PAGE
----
Music is what it is, too. How about the Blues? Culturally, music is produced and consumed in identical conditions as the foods that surround it. There are more people and places and sounds under the blues umbrella than ever before. Middle America has put it's arms around us. The digital world has also made this easy. Indeed, as one drives tens of thousands of miles across North America, there is now the nightly joy- or horror- of being able to hear the same torn, blues jam set list nightly- played by a similar bunch of guys in a similar way. Yet the general quality of the musicianship is probably higher than it has ever been, and everybody seems to be having fun.
So what is it that is so profoundly unsatisfying to me about this? Beyond the contests, and the proliferation of look alike festivals? Beyond the super sizing of the primary blues flavors? I don't want to disparage all the hard work and success. It's all legitimate. It's all authentic, in it's own way. But nobody actually steers the ship of culture. It drifts where it will. And the Blues is not immune. As an art form it carries more baggage and more icons than any other. There are lots of exceptions, but American Idol finds it's own expression in our marketing, promotion, and ultimately in our blues purchases. Disney girls (and boys) are good for the Delta, and for Memphis and St. Louis and New Orleans. And Chicago. But I've never been a fan of Disney movies. What I crave is in the cracks around the edges of the big machine, the stuff in the little store around the block from the supermarket. Stuff that makes men cry. Stuff that makes women want to take their clothes off. Or put them back on. Stuff that might make some people in high places uncomfortable. Healing music. Compelling stories. Stuff that never goes to the five... Hot sauce and cold beer. You know what I mean- or I hope you do- and it's out there. You know some of the artists, too. Maybe you like them. Maybe you don't. That doesn't matter. What matters is that you and I can make choices. What I want to hear: real stories played by real people in real places. Real stories played by the people who own them. Living blues. I didn't say you shouldn't go dancing- I'm just asking you to sample the side dishes.
|Doc MacLean with Colin Linden, Nashville, TN|
When I left Mississippi in 1979 I didn't think I'd ever be back. Yes, I'd roll in for weddings and funerals, but that was about it. By contrast, the past few years have been very gratifying. I got to play with a lot of first generation artists when I was young, but recently it has been my association with Sam Chatmon, Hollandale, MS, and the BBQ Boys that has somehow come full circle. Colin Linden and I were the BBQ Boys- Chatmon's last band- and back in the 1970s we recorded for the Chicago based, Flying Fish Records. Now when I play Mississippi there seems to be no end to the number of these albums that arrive at shows to be autographed! Sam always told me that getting old would be good for business, and I hope he was right. Colin has done pretty well- producing hundreds of albums, getting Grammy nominations, writing, playing, singing, appearing on Nashville, playing with Bob Dylan... And then there's Blackie and the Rodeo Kings... But look what we were back in the glory days...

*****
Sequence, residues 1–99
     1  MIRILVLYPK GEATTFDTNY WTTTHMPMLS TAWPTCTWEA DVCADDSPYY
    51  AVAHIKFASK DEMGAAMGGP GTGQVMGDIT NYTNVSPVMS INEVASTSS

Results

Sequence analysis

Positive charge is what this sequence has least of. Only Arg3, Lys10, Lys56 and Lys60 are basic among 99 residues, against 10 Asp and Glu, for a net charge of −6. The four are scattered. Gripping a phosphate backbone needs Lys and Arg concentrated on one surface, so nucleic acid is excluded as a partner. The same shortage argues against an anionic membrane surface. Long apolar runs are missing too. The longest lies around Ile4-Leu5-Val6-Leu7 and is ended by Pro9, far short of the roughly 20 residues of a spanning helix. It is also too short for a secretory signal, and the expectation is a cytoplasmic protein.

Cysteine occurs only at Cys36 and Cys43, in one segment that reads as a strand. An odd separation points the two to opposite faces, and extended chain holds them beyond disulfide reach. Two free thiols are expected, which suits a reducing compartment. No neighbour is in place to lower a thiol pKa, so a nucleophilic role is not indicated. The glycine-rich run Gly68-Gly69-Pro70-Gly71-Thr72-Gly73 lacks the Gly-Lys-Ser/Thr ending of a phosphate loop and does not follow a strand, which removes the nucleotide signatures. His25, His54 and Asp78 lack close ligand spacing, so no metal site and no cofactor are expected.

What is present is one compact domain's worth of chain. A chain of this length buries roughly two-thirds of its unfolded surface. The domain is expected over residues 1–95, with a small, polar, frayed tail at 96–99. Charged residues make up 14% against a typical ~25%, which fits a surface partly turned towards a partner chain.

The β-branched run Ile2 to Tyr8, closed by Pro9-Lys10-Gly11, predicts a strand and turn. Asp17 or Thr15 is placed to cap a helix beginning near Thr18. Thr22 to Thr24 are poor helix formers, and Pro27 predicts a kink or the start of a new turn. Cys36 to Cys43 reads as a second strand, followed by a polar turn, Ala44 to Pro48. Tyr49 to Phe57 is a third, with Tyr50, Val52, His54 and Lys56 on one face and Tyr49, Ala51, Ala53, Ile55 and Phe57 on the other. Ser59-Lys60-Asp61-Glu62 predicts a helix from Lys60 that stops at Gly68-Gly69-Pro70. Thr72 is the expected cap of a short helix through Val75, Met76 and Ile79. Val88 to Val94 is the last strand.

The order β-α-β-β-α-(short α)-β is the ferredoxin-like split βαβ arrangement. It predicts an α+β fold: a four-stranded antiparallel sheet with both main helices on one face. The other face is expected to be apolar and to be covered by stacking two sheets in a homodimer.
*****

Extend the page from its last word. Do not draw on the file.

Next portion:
It's funny how a couple of festivals can change your numbers up. If I can believe the numbers Facebook serves me, I'm now more popular in Jackson, MS than in Edmonton, AB. More popular in Greenville, Meridian, and Biloxi, MS than in Regina, SK. More popular in Mobile, AL than in Lethbridge, AB or Winnipeg, MB. More popular in Clarksdale MS than in Saskatoon, SK. And I've played those Canadian locations dozens of times. Heartbreaking, or liberating? Or just crazy Google talk? I guess it doesn't matter, and it's hard to tell. One way or the other, it's likely I won't be sleeping in too many more Canadian parking lots.
|Sam Chatmon Blues Festival, Hollandale, MS|
|Doc MacLean and Libby Rae Watson, Clarksdale, MS|
|Deep blues at Bayport, MN|
|Salmon Arm Roots and Blues Festival, Salmon Arm, BC|
|Luther Wamble and Doc MacLean, Silverhill, AL|
|Doc MacLean with McKinley Wolf, Victoria, BC|
|Visiting Darren Brown, DB Custom|
Cigar Box Guitars, Canning, NS
|Doc MacLean with the Hupman Bros., Wolfville, NS|
|With BB King's choir, Indianola, MS|
|Blues on Whyte, Edmonton, AB|
|Doc MacLean and |
Austin "Walkin'' Cane,
|Catahoula Brown and Doc MacLean,|
Meanwhile in Toronto, what it is.
Although this post is "the wrap" for the 2014, National Steel "Vagabond" Blues Tour, in the days ahead I'll be working to put up posts for some missing dates. You'll find these to be mainly pictorial and by whatever time you have arrived here, these may well be complete. Check the sidebar archive for place names! Do Follow me on Facebook! <DocMacLean.deltablues> Thanks for riding along on the Blues Highway!